A few weeks ago, for the second time, the Mexican Secretary of National Defense (SEDENA) denied an access to information request that would require documentation related to U.S. training, equipment or support for members of the 102nd Battalion.
The 102nd Battalion became famous, or infamous, with the Tlatlaya massacre. On June 30, 2014, 22 young people died at the hands of the Battalion. The day after the massacre, the Army released a communiqué stating that 22 criminals had died in a confrontation in which not one member of the Army was injured.
Thanks to investigations by national and international journalists and the help of witnesses who spoke about what happened that night, we now know that the majority of the victims were executed after surrendering. The army was forced to open up a formal investigation.
The Secretary of Defense declared that the documents requested do not exist, after first claiming it had the right to reserve the information. The Mexican armed forces have tried to close a binational investigation that seeks to bring to light not only the events of Tlatlaya, but also the nature of military cooperation with the Pentagon and other US agencies.
“Victims of grave human rights violations in Mexico have the right to know the truth about what happened at Tlatlaya, and the U.S. public has the right to know the truth about the direct role of our government in the ongoing atrocities,” said Washington DC-based researcher Jesse Franzblau. Franzblau, who has spearheaded information requests on both sides of the border regarding the massacre and other cases of serious human rights violations in Mexico, added that although access to information laws have greatly facilitated public awareness on the case of Tlatlaya and others, “what’s missing are the details on the specific role of the U.S.”
The issue is relevant for many reasons. Declassified documents obtained by the independent project the National Security Archive show that the Pentagon has watched the Tlatlaya case very closely. A cable from Oct. 15, 2014 reads, “SEDENA is now investigating the Commander (a Major General) of the military zone overseeing the 102nd Infantry Battalion,” and adds, “if implicated in a human rights violation, the entire military zone and 10,000 personnel will be ineligible for U.S. security cooperation assistance.”
When it is established in the Tlatlaya case—or in any other case—that a Mexican unit has been implicated in human rights violations, the U.S. government is obligated to suspend assistance to that unit. A cable from the U.S. Northern Command dated Jan. 14 subsequently confirmed that the 102nd Battalion was deemed ineligible to receive assistance.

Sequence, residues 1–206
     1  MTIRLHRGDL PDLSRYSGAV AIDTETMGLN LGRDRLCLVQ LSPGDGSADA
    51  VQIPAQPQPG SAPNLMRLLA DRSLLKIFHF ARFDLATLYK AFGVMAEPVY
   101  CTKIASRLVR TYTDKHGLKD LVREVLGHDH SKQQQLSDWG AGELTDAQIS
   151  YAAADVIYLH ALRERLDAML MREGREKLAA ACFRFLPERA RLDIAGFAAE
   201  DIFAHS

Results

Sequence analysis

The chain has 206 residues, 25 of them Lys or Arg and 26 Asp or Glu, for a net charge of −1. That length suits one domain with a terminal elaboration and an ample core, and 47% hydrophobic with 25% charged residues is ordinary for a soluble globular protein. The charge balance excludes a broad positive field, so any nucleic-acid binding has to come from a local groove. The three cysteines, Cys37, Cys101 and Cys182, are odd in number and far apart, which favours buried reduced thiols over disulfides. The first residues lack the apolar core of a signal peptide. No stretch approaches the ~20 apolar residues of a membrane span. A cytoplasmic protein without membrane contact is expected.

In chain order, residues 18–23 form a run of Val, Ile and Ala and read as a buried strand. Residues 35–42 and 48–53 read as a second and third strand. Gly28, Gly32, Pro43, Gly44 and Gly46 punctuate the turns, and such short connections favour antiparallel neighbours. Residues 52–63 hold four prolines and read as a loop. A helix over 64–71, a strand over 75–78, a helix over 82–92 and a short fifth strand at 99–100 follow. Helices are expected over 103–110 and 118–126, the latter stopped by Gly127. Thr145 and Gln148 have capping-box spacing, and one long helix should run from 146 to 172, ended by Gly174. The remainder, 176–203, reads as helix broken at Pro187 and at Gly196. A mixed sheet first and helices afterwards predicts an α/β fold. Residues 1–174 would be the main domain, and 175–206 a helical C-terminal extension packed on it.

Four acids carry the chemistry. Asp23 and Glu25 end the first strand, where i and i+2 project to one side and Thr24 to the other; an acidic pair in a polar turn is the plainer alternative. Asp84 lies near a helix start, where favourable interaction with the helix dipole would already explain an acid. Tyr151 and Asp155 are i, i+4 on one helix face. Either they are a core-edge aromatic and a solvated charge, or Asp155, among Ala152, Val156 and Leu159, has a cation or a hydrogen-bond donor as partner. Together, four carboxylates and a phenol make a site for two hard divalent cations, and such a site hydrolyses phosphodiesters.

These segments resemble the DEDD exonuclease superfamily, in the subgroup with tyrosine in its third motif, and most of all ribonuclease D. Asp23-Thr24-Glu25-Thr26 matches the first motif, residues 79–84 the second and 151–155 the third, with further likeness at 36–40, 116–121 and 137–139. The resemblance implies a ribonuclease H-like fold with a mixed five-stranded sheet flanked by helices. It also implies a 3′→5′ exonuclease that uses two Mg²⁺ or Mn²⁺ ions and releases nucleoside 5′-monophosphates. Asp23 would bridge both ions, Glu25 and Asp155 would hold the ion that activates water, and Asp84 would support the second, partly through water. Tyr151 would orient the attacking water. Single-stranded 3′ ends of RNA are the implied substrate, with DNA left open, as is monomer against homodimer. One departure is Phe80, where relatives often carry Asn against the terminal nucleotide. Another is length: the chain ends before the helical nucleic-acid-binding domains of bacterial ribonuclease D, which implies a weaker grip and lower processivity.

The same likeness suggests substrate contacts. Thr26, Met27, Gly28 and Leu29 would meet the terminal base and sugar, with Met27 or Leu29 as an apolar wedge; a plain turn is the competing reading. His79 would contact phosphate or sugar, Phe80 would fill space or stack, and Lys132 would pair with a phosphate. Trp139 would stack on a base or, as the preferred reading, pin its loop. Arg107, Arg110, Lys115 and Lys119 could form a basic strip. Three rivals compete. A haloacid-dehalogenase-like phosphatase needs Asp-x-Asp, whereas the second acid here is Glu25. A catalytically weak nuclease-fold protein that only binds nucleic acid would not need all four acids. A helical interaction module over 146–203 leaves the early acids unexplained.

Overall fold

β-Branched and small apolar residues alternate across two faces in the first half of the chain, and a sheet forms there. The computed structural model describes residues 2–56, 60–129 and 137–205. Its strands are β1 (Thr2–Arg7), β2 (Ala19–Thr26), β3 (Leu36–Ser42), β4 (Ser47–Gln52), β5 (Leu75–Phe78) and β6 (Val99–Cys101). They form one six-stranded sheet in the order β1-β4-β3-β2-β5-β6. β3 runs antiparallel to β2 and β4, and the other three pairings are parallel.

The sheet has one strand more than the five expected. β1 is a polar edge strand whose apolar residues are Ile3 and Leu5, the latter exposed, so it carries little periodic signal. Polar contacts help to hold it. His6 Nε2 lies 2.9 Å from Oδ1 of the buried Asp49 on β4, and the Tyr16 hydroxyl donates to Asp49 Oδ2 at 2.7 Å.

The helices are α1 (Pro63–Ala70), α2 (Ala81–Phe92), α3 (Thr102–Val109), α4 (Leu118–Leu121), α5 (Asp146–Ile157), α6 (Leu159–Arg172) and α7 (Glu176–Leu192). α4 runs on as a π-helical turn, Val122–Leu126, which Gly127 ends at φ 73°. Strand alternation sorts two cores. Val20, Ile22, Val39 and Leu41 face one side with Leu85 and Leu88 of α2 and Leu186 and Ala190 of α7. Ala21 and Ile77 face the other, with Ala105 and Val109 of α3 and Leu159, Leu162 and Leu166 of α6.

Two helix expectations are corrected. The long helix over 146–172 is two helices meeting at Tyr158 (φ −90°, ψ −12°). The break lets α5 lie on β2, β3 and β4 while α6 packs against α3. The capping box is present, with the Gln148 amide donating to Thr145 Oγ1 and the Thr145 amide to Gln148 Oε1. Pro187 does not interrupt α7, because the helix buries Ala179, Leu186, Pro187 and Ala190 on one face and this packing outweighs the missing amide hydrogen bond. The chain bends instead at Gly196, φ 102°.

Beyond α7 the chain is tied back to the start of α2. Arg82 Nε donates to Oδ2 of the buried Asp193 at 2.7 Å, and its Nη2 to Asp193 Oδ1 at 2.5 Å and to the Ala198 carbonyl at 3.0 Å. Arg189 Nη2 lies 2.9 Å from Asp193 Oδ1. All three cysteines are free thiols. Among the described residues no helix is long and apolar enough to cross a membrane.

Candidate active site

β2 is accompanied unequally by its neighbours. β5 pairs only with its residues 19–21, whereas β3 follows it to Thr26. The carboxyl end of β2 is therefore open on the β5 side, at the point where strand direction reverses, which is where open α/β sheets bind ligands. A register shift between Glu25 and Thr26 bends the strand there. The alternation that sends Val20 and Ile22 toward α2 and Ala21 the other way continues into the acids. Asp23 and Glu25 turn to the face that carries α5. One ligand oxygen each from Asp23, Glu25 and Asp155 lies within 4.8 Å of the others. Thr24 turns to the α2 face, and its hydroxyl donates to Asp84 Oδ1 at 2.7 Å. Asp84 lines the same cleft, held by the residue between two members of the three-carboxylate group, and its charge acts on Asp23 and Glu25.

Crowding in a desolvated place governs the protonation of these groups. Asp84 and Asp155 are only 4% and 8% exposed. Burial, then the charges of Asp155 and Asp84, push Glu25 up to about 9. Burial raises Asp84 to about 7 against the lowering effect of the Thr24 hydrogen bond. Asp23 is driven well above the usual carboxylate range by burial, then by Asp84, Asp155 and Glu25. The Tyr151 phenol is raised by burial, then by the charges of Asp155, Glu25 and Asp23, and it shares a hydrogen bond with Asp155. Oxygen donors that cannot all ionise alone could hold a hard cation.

However, the matter did not progress further. Rather than questioning the military commander in charge at Tlatlaya, General José Luis Sánchez León, as part of an investigation of the chain of command, Sánchez was removed from his post and sent to Jalisco. The maneuver on the part of the Army high command, far from dissipating suspicions, reinforced the conclusion that the Tlatlaya massacre could not be laid solely on the shoulders of a few undisciplined soldiers, but rather that it was the foreseeable result of the modus operandi of the armed forces in the drug war.
A recent discovery by the lawyers of the Miguel Agustin Pro Center for Human Rights—the legal representative of one of the Tlatlaya witnesses—confirmed this hypothesis. In its report on Tlatlaya a year after the events, the Center cites the “Order of Recall and Designation of Assignment” from the SEDENA that states: “The soldiers should carry out widespread operations at night, and during the day reduce activity, to bring down criminals in hours of darkness.” The date is June 11, 2014—just weeks before the massacre.
Mario Patron, director of the Pro Center, emphasized the importance of the Order: “This is convincing proof that for the army, we are in a state of exception and in a context of informal, undeclared war, and so they send their soldiers out to bring down criminals.”
In hearings held last month on extrajudicial executions by the Interamerican Commission on Human Rights, national and international organizations presented evidence regarding this undeclared state of exception: some 15 civilians for each member of security forces killed in confrontations; more than 4,000 civilians died at the hands of security forces between Dec. 1, 2006 and Dec. 31, 2014; 3,967 civilians and 209 soldiers have been killed between 2007 and 2014.
Evidence that the armed forces approve of the practice of extrajudicial executions from the highest levels should be a watershed in the drug war. It should shock society into demanding a return to constitutional rule and respect for human rights.
Moreover, Tlatlaya is not an isolated incident. There are serious questions about the role of the army in Iguala. Its presence at the scene of the crimes, and its refusal to protect the students from the attacks have already been established and there is increasing evidence of complicity and more active participation. Investigations into extrajudicial executions in Apatzingan, Tanhuato and Zacatecas add to the executions at Tlatlaya to show that they are not anomalies.